Most people understand the importance of marking your business online.  However, it’s easy to get caught up in social media, forums, and other sites. Causing you to overlook the fact that your website should be at the center of your online marketing.  These other sites are important, and deserve your attention. However, they should all lead Internet users back to your website.  Here’s why…

1.Social Networks Come and Go

Who remembers MySpace?  It was the top social network for a couple of years; everyone was there.  Then, along came Facebook, and in a pretty short period of time MySpace went from being number one to being almost nothing.

New social networks are emerging all of the time.  Are you familiar with Instagram, Vine, or Snapchat?  Yes, Snapchat.  Even though the local news would like you to think that it is just teenagers “sexting,” it isn’t. You should be familiar with all of these platforms, if you are targeting a younger audience.

If you put all of your energy into someone else’s platform and they become irrelevant your customers and fans won’t know where to find you anymore.  However, if you use the top social networks, such as Facebook, Twitter, Instagram, Pinterest, and Vine to build up an audience and promote your website people will know how to find you when all of today’s social networks are out paced by new ones.

2. You Control The Entire Message

On your website YOU have full control over all the content on your website, and can promote your products and services in a way that works best for you, and your clients.  You don’t have to try and fit your information into a limited amount of space, or a certain format.

On other sites there is the potential for anyone to post about your company.  With everyone and their brother having the ability to talk about your brand online people will turn to your website for the most up-to-date and accurate information. There is a lot of incorrect information on the Internet.  When Internet users detect something might be wrong they will turn to your website for the final word. Even if your website is out-of-date, or incorrect that is what people will, ultimately, believe.

3. One-Stop Shop

Your website is the jumping off point for all information about your company.  It will direct Internet users to areas of your website as well as your presence on other websites.  If users are looking for information on your products or services you can direct them to the right pages on your website. If they want to interact with you online they can follow the links on your website to your social media accounts, such as your Facebook page, or Instagram account.  No matter what they are looking for, related to your business, your website should help them find it.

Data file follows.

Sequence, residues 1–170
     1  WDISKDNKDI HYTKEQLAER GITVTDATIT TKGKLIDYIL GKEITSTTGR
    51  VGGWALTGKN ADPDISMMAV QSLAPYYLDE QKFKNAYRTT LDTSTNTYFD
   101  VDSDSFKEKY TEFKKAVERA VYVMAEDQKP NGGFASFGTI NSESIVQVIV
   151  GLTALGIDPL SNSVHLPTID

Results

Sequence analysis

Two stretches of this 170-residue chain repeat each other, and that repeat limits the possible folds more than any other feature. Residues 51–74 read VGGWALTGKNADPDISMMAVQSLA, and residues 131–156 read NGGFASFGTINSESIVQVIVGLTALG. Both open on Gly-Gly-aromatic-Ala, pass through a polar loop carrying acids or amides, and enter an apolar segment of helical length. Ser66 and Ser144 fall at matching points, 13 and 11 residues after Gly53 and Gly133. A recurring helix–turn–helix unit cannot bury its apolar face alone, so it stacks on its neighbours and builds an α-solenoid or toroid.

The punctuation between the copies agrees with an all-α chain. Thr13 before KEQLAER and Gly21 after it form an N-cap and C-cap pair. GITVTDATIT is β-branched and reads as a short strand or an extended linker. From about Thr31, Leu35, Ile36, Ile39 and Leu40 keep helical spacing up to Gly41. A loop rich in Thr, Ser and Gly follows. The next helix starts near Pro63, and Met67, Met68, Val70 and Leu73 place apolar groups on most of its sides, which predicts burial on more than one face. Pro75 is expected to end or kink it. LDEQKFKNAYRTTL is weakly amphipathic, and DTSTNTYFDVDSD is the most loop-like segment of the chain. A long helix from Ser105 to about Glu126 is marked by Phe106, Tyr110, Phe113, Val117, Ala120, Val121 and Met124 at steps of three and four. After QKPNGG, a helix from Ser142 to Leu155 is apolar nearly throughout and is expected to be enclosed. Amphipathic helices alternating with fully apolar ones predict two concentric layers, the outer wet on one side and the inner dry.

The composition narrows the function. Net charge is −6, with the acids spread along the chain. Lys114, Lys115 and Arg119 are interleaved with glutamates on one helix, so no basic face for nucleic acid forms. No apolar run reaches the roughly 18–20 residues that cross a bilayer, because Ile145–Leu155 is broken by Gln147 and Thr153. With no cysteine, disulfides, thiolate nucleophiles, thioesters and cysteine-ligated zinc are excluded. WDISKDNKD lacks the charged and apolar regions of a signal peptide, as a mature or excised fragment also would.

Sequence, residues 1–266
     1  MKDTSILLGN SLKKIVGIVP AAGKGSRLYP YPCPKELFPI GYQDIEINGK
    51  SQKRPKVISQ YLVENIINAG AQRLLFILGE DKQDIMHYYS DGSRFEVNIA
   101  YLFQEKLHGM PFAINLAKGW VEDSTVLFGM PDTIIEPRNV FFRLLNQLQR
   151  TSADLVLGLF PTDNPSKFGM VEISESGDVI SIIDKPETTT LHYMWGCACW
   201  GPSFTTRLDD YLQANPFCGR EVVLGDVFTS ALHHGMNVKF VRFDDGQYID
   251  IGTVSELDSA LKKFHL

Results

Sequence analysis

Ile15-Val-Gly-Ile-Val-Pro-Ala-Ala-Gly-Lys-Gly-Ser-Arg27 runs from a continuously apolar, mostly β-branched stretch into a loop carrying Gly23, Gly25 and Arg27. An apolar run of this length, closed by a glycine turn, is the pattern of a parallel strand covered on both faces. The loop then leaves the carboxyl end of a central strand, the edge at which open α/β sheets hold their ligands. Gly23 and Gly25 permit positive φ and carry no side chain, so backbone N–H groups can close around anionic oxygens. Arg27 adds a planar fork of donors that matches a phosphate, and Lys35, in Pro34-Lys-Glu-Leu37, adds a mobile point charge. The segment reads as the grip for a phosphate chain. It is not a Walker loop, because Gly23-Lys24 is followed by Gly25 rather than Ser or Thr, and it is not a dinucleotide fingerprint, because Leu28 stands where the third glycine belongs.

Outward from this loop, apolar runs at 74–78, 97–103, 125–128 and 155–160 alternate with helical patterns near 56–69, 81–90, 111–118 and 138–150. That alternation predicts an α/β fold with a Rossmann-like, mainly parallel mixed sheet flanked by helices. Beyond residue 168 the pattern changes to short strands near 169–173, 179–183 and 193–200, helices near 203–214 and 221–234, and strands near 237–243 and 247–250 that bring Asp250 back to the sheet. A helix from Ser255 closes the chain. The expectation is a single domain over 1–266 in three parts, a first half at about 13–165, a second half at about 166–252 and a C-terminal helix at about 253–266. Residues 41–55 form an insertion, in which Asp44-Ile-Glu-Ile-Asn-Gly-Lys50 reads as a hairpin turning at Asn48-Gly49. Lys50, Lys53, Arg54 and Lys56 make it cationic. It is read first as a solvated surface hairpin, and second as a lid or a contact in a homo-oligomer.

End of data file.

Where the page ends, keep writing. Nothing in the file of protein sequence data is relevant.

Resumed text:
4. Analytics

Analytics is the information about the people who visit your website.  Using Google Analytics, or another analytics platform, gives you a ton of valuable information about who visits your website, what pages they look at, and where they might be getting stuck, or leaving.  Other websites give limited information, if any, about the people who view your information.  Facebook offers some statistics about your Facebook page, but it isn’t anywhere near as helpful as website analytics.

For example, you can find out what content on your site is popular and what content isn’t as popular. You can also find out how people are getting to your website.  Is it google?  Is it an industry website that people find you on?  With so much information available you can make informed decisions about future marketing efforts.

I hope this article helped you understand why your website should be at the center of your online marketing.   Keeping your website as a central focus will put you in a position for long term success online.

Do you try to funnel Internet traffic to your website?  Does your website play a different role for your business? Leave a comment below. I would love to hear your thoughts.

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About the author

Damon Schopen designs and develops web-based software. He specializes in e-commerce, interactive websites, integrating software to allow sharing of data across systems, and customizing existing software applications to meet your specific needs. For the past 10 years Damon has helped a variety of companies develop the web-based software they need to do business with their customers.

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